Firstly, it’s a great report - go read it here.
Over 1,100 respondents from 93 countries took time to fill in a survey by SessionLab to understand who are facilitators, what they do and how they do it. This comes with a caveat - people from the Global South are underrepresented in the survey results, which are skewed towards European and North American respondents. The survey aims to:
- inform the collective conversation on facilitation
- amplify facilitators’ voices
- challenge the facilitation community to explore its growing edges
- inspire facilitators to expand and deepen their practice
So, as an organisation that does a lot of facilitation work - and wants to make sure we continue to push the boundaries of good practice - it is a really useful set of aims!
Takeaway 1: Facilitation lacks diversity and inclusion
Unsurprisingly, I fit the stereotypical profile of a facilitator in most ways, with the exception of age. The majority of facilitators that responded to the survey are white women in their 40s and 50s with a high level of education. But even I was surprised to see 90% of respondents have a degree - way more than the 34% of the UK population. 70% of respondents are white or caucasian, despite being a global survey, which says we have a long way to go when it comes to ethnic diversity in facilitation. Less than 4% of respondents are under the age of 30, aligning with my perception that there are not many Gen-Z facilitators out there. A final point to note is that there is a clear gender pay gap in facilitators' salaries. There is around a 20% pay difference, favouring men, in circumstances where people of different genders are doing the same role.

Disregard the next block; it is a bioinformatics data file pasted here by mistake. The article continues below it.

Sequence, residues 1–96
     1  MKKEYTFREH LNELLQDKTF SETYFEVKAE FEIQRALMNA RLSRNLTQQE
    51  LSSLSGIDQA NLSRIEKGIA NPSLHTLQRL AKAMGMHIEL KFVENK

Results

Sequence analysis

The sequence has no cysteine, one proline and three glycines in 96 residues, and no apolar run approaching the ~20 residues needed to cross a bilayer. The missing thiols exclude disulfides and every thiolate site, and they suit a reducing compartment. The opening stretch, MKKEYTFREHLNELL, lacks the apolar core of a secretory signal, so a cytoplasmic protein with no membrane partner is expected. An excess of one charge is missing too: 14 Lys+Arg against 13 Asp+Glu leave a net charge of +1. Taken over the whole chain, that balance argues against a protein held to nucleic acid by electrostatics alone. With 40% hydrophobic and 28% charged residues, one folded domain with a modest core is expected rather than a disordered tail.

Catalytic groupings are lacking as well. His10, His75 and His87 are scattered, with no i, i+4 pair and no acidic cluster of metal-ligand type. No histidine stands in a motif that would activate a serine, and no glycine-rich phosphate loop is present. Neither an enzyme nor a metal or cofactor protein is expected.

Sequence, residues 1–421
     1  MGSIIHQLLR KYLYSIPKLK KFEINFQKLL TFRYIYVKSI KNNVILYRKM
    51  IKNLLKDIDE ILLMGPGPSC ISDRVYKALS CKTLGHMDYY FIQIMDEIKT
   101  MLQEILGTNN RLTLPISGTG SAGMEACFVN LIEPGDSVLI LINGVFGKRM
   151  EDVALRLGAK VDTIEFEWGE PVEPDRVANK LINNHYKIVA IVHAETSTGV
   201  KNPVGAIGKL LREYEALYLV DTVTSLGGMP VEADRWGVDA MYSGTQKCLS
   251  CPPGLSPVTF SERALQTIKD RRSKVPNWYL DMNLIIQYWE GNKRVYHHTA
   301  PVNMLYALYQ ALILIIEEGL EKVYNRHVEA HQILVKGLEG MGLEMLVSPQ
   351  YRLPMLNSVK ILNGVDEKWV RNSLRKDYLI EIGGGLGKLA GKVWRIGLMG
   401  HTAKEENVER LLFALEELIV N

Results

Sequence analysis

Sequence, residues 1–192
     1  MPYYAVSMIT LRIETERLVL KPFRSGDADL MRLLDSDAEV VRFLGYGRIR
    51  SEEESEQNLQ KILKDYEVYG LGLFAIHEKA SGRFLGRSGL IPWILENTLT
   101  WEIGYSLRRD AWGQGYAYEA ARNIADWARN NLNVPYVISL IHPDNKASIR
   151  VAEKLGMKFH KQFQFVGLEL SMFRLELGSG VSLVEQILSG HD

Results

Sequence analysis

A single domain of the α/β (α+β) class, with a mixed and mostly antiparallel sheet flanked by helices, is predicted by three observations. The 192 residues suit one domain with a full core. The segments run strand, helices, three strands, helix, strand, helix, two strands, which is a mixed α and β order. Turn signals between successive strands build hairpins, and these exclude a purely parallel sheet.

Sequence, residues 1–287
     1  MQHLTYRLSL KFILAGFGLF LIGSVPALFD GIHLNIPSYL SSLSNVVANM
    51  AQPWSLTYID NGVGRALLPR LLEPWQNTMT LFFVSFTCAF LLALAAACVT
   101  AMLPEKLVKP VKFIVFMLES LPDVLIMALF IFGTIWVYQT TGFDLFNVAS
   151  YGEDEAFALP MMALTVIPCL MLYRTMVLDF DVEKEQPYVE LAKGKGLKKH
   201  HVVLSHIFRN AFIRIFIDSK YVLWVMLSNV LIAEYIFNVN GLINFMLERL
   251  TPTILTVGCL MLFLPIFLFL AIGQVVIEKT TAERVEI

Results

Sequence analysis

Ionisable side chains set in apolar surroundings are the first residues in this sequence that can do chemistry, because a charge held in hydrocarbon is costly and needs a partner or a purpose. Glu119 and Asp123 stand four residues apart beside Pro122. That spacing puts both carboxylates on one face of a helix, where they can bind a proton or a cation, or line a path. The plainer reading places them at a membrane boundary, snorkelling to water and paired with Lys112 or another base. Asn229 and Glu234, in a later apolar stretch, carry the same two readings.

On diversity and inclusion - what are we doing?
For starters, we’re going to start doing something we should’ve already been doing - monitor the diversity of our freelancers. How are we to know where we have gaps if we don’t have baseline data? We will also be making our process for recruiting new freelancers into our network much more transparent.